It is hard not to think, as one reads a book so wealthy as this in historic and scientific erudition, but at the same time so oddly inconclusive, that Cassirer was rather a distinguished reflective scholar than a great speculative philosopher. The learning is not mobilized in the interest of any theory; the book is not so much an ‘essay on man’ as a series of essays, all suggestive and enlightening, which converge on—what? It is hard to say. Perhaps there is no end, or harmony of ends, toward which all these activities are moving. But then, on Cassirer’s own showing, no philosophy of man would seem to be practicable; there would only be a theory of art, a theory of religion, and so on. This is in fact what he gives us. And an admirable gift it is, for which I, at least, am thankful. Only it is not what he sets out to give, nor all that the reader hoped to gain.

Image result for cassirer an essay on manWilliam Schultz commented on Blanshard’s assessment:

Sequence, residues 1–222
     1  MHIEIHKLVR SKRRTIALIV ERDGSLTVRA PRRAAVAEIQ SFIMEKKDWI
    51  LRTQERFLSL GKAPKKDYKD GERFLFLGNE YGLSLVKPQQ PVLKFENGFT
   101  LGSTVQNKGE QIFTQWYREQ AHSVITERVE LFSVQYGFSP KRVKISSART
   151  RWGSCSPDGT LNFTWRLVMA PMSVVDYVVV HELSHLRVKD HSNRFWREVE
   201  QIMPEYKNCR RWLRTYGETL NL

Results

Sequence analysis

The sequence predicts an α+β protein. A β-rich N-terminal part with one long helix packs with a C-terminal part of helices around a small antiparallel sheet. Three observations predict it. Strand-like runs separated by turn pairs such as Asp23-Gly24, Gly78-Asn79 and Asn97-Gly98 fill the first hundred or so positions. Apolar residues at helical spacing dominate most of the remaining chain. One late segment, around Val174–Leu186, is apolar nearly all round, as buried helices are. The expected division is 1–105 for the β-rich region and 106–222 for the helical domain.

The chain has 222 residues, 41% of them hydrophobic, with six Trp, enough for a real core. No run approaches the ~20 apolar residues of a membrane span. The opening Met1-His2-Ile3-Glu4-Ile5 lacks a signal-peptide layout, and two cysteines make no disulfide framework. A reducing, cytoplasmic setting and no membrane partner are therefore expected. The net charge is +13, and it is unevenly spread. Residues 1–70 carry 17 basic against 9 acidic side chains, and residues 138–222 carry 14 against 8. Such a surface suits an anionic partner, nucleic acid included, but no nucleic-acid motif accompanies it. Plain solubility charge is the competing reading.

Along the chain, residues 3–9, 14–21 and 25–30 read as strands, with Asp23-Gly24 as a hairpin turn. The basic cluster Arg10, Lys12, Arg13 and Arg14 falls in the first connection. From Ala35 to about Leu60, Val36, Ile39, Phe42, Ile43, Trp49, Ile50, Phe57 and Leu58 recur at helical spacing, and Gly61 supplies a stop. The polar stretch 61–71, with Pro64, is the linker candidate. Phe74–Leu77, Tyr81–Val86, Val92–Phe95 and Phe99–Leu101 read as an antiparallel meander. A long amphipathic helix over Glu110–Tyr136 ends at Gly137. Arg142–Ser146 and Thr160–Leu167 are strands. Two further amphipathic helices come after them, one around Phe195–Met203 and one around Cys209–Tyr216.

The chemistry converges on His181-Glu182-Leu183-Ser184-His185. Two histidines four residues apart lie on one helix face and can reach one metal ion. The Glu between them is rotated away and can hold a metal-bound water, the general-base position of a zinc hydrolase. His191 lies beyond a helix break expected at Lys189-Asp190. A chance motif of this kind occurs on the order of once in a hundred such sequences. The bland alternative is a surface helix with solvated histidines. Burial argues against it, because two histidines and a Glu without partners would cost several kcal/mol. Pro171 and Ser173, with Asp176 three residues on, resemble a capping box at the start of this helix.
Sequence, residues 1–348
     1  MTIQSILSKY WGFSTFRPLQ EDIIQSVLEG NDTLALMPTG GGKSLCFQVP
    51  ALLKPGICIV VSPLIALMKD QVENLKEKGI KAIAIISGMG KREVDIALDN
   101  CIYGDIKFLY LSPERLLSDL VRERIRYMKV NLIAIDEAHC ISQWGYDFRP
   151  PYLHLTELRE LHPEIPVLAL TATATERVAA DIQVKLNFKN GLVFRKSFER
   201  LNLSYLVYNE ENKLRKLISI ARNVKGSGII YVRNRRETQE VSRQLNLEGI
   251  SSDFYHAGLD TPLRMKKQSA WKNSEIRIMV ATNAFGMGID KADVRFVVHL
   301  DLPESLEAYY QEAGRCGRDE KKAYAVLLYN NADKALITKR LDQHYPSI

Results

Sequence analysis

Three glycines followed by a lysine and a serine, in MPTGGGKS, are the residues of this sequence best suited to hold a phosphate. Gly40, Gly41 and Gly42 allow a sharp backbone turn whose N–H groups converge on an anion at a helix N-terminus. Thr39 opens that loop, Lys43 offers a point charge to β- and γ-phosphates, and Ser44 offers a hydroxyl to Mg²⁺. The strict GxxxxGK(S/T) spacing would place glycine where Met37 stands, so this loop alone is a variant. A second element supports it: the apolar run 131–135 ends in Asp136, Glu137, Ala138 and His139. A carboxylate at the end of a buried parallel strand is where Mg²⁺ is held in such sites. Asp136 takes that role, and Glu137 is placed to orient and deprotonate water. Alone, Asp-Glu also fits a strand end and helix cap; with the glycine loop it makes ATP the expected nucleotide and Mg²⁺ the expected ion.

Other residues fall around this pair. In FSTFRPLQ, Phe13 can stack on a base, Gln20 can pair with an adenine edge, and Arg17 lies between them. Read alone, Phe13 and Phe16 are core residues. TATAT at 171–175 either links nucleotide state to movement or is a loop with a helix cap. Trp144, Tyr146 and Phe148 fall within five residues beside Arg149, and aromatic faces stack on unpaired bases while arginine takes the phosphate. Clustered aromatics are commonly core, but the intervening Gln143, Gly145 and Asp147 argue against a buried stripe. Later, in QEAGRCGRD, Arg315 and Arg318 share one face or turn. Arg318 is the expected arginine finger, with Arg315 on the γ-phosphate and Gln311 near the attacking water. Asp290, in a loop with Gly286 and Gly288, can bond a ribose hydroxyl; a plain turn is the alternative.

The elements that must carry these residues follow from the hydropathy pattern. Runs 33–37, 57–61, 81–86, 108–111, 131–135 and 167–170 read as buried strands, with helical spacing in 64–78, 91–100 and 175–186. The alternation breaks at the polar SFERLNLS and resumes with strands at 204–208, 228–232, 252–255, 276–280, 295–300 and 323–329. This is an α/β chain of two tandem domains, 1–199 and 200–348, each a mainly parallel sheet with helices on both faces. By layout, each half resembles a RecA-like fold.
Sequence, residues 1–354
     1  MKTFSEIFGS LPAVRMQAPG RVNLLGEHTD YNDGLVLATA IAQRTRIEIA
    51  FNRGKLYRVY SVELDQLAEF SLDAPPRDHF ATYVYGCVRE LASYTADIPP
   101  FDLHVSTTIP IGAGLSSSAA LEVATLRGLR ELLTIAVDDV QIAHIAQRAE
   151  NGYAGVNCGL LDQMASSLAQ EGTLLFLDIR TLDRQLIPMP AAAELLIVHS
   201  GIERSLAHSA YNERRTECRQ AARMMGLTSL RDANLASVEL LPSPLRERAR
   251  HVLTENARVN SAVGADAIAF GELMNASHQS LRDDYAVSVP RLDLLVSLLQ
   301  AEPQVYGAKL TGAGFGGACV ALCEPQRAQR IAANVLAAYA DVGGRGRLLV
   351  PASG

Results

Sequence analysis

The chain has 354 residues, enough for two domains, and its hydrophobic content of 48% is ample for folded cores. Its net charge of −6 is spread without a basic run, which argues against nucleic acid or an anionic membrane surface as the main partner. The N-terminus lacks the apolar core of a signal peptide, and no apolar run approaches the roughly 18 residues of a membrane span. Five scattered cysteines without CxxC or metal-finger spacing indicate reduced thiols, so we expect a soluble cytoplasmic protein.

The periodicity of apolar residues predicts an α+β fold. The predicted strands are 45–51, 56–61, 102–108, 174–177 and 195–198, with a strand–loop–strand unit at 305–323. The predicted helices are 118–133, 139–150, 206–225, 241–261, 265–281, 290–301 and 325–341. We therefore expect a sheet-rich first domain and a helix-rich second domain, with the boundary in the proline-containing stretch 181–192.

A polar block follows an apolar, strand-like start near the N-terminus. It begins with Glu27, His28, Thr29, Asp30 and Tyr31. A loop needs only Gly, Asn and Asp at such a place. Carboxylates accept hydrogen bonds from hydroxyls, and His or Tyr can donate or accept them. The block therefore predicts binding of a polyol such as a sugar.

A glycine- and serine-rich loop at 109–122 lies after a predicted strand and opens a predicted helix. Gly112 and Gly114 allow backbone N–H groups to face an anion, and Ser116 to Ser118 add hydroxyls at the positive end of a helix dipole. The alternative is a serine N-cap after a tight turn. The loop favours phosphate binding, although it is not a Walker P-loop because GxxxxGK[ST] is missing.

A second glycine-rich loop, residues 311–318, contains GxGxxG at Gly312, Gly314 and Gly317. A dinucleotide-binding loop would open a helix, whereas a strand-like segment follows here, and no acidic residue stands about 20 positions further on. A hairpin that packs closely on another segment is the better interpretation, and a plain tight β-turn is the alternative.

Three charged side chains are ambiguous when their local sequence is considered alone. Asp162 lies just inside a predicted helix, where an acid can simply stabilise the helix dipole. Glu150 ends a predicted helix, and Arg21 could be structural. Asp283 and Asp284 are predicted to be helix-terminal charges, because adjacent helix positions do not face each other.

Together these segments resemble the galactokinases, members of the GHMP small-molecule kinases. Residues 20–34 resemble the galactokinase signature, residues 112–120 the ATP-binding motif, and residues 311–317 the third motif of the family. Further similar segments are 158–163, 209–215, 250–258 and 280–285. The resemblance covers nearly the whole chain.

Here is the assumption of a continental philosopher that a system must ‘converge’ on something or lead to an overall unity of experience, an ideal unity. To some extent, the criticism is correct, for the main arguments are not in An Essay on Man, yet Cassirer’s claims about the need for unity should have alerted Blanshard that they were in his previous books, as Cassirer himself said in the Preface to that work written almost twenty years after the three-volume masterpiece [The Philosophy of Symbolic Forms]. Ironically, both Blanshard and Cassirer share some of the same assumptions about what philosophy should do, but Blanshard did not study Cassirer’s work enough to recognize the revolutionary way in which Cassirer satisfies traditional expectations about what a philosophy is and does. (Cassirer and Langer on MythRoutledge, 2000, 51)